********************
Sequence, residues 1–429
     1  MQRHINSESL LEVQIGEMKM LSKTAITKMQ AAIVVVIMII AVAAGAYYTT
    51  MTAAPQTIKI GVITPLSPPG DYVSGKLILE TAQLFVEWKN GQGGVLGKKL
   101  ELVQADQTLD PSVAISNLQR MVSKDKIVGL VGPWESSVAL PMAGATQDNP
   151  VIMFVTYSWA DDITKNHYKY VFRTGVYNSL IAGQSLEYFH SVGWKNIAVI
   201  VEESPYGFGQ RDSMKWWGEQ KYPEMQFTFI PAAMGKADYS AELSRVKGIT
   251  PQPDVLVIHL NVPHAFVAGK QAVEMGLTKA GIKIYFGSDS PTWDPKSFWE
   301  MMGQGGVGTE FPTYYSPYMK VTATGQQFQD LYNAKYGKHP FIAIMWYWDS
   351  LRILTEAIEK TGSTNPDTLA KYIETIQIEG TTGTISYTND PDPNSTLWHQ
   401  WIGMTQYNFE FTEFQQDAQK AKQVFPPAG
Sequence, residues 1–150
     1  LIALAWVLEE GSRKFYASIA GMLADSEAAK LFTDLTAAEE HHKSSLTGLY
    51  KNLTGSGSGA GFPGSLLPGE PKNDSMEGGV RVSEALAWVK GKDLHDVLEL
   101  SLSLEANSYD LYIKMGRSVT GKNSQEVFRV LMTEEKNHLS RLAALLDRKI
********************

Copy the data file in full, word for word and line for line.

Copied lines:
Sequence, residues 1–429
     1  MQRHINSESL LEVQIGEMKM LSKTAITKMQ AAIVVVIMII AVAAGAYYTT
    51  MTAAPQTIKI GVITPLSPPG DYVSGKLILE TAQLFVEWKN GQGGVLGKKL
   101  ELVQADQTLD PSVAISNLQR MVSKDKIVGL VGPWESSVAL PMAGATQDNP
   151  VIMFVTYSWA DDITKNHYKY VFRTGVYNSL IAGQSLEYFH SVGWKNIAVI
   201  VEESPYGFGQ RDSMKWWGEQ KYPEMQFTFI PAAMGKADYS AELSRVKGIT
   251  PQPDVLVIHL NVPHAFVAGK QAVEMGLTKA GIKIYFGSDS PTWDPKSFWE
   301  MMGQGGVGTE FPTYYSPYMK VTATGQQFQD LYNAKYGKHP FIAIMWYWDS
   351  LRILTEAIEK TGSTNPDTLA KYIETIQIEG TTGTISYTND PDPNSTLWHQ
   401  WIGMTQYNFE FTEFQQDAQK AKQVFPPAG
Sequence, residues 1–150
     1  LIALAWVLEE GSRKFYASIA GMLADSEAAK LFTDLTAAEE HHKSSLTGLY
    51  KNLTGSGSGA GFPGSLLPGE PKNDSMEGGV RVSEALAWVK GKDLHDVLEL
   101  SLSLEANSYD LYIKMGRSVT GKNSQEVFRV LMTEEKNHLS RLAALLDRKI